Abe Flores: It’s really easy because he is a very coachable guy who has very high expectations of himself and a very team-oriented player. It’s easy. We can challenge him. We don’t coddle him. We will continue to challenge him, especially if something he is not doing correctly and needs to be altered. But we have no problem making that. It’s not that we have put him on some ivory tower. He’s 19 years old. He’s by no means a finished product. There have been lots of timetables set forth for how quickly Trout can make it to the Major Leagues. How do you ensure that you don’t overly rush him?

Abe Flores: Because our organization develops on having that player going from level to level. When we feel that he is mentally and physically ready for the challenge at Double-A, we’ll make that determination and do that. And then, when he’s ready for Triple-A, we’ll do that. And really, he’s not unique. He’s just a very advanced skillful player. But, don’t ever expect Mike Trout to carry this franchise or any team that he is on. He is part of a team. That part I tend to hammer home with everybody who asks about him. That’s a great point. We shouldn’t put too many lofty expectations on him.

Abe Flores: He can’t win the game by himself on a nightly basis. He can’t. That’s unrealistic. Can he? On occasion, sure he can. But, not over 140 games in the Minor League schedule. Just expect him to do his part. What happened with Conger this Fall?

Abe Flores: He just enough. He came home, felt like he had enough at-bats, and enough exposure to Venezuela and came home. No injury. He didn’t really swing the bat particularly well. But, that’s the thing. You’ve got to produce and perform in those Winter Leagues. That’s what I love about them. In some ways it mirrors advancement to the Major Leagues: You’ve got to perform on a certain level or you’re going to get sent back. In this case you get sent home. Will be a negative on him or hinder his development?

Abe Flores: No. I think it is always a tremendous learning experience to go somewhere, whether the Dominican, Venezuela, Puerto Rico, or Mexico, because of the environment. They love baseball. They are passionate fans. But you have to produce. You’re getting paid pretty good money, so you have to produce. Trumbo followed up an incredible year with a great performance in the Fall. What more does he need to do to become a Major Leaguer?

Abe Flores: Continue understand his strike zone and continue to hone that. Continue to scratch and claw and get better on defense and his all-around game, which he has made tremendous strides on. Otherwise, he is progressing nicely in his own way. How did he look playing the outfield?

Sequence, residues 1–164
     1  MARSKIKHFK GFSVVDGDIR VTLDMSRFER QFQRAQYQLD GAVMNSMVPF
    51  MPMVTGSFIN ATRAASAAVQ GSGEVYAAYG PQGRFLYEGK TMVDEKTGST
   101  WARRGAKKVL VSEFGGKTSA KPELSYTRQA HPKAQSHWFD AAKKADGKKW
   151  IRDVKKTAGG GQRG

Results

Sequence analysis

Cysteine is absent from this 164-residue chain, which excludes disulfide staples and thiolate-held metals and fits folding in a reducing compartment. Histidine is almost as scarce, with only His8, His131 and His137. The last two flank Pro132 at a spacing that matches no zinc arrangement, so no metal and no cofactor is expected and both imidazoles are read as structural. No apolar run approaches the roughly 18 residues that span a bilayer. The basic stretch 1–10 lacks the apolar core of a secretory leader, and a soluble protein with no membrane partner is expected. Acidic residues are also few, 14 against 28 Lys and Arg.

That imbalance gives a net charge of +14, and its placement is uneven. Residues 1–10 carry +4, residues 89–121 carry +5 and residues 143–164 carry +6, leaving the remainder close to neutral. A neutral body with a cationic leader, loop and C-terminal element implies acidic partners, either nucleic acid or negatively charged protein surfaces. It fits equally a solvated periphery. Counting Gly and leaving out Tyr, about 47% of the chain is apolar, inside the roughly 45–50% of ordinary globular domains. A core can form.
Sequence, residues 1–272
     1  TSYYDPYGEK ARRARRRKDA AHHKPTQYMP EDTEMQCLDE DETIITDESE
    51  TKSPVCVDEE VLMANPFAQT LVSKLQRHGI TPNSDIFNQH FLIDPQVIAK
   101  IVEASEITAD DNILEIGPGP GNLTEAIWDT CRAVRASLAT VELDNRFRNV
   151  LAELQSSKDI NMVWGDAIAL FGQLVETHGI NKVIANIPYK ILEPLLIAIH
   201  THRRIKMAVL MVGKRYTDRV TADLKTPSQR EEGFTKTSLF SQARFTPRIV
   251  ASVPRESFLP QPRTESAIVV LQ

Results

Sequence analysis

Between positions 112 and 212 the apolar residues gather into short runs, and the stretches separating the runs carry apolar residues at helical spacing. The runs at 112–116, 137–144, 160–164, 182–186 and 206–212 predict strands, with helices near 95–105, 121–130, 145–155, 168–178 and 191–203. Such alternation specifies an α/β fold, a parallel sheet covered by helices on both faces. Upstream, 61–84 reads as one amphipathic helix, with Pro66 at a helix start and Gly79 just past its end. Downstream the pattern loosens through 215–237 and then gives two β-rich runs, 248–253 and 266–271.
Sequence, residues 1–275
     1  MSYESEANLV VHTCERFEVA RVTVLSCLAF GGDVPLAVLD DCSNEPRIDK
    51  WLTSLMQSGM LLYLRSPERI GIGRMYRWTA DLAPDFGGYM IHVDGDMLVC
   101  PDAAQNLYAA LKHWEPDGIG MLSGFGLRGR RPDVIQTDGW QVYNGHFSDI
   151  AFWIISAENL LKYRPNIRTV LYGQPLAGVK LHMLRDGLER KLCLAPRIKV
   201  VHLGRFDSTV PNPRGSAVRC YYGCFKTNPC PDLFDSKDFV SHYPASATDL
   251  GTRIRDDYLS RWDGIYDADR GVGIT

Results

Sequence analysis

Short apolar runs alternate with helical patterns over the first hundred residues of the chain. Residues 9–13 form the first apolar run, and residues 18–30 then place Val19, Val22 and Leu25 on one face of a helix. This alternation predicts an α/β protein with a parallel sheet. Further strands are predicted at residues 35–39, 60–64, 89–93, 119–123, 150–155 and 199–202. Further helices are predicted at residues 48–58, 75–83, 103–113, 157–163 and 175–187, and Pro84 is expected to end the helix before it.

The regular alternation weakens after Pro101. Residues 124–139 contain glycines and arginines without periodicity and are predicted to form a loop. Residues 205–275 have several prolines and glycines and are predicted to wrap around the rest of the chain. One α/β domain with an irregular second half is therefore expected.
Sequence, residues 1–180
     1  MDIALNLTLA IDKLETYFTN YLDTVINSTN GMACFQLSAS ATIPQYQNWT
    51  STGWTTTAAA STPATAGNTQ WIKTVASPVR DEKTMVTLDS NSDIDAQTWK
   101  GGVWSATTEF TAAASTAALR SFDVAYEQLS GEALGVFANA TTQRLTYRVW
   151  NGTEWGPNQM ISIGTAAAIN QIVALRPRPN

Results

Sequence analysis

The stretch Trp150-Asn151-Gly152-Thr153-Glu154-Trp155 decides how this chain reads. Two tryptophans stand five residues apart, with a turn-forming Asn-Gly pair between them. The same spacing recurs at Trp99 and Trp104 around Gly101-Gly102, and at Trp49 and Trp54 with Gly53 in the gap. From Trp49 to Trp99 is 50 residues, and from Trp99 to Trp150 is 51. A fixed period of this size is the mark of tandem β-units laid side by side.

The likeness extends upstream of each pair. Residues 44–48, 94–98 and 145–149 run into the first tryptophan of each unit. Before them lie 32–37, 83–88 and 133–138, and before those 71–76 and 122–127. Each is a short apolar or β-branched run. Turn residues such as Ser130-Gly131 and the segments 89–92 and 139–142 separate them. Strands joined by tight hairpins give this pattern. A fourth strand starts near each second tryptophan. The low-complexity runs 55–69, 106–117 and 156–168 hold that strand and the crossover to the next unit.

Abe Flores: Fine. He has got a chance to be a good outfielder. Not great, but good. He had a couple of games at third base. Was there any reason for that?

Abe Flores: No. I don’t know any reason for that to tell you the truth. How did Jean Segura look at shortstop?

Abe Flores: Good. Good to have that option. Not as good as he is at second, but he can play the position. He’s just scratching the surface on how well he can play because he hasn’t been exposed to it for very long. Do you see him sticking there or staying at second?

Abe Flores: At this point, I would just say that we’ll continue to explore it, but, his primary position is second base. If he flourishes at short, then hey, we’ll run with it. Tyler Chatwood had a great year, but the strikeouts dropped off in Double-A. Is there any reason to be concerned about him?

Abe Flores: None. No concerns. Still like his upside. He still has good stuff. His command has continued to improve. No concerns. In one of the articles about the AFL, Jeremy Moore was quoted as giving advice to Brandon Wood. In addition to all his other skills, is he a clubhouse leader?

Abe Flores: Yes. That has emerged as part of his package. Obviously that depends on what team he’s on. If he ever lands on our Major League team, then there’s a little bit of a different pecking order on his leadership ability. He’s really blossomed before our eyes, on a lot of facets of his game.

Abe Flores: If you were to compare Jeremy Moore to any player, who would he be?

Abe Flores: I couldn’t say at this point. Fabio Mesa-Martinez had another good year, but was shut down at the end of July. Are there any concerns about his durability?

Abe Flores: None. No concerns about his durability at all. He came back and pitched Instructional League. He’s good to go. Steven Geltz doesn’t quite have the traditional pitcher’s build, but is striking out hitters in bunches. How would you profile him?

Abe Flores: You know what, I didn’t get to see Steven this year. I really didn’t. I just missed him every time. Whether it was a promotion, or whatever, I just missed him. Are you getting great scouting reports on him?

Abe Flores: Yes. You know what, the good thing about Steven is that he’s an aggressive, fearless guy on the mound. He’ll attack the strike zone and he will get after the hitters. He’s got velocity and the breaking ball has improved. So, he has a lot going for him. Jeremy Berg throws side armed, almost submarine style. Can you tell us more about him?

Abe Flores: Aggressive, competitive guy. Strike thrower. Causes a lot of swings and misses—funky swings. Changes speeds. Can work soft on soft. He’s just a deceptive guy. He’s just a different package so far as what he brings to the mound, but it works. How do you develop someone with such an unorthodox delivery?

Abe Flores: You know what, there isn’t much I would say to develop, other than we’ve focused on him continuing to master his changeup. Otherwise, there really hasn’t been that we’ve tinkered with. The guy has had a lot of success. Luis Jimenez played in the Futures Game, and split time with Dillon Baird at third base. Are they continue to split time going forward?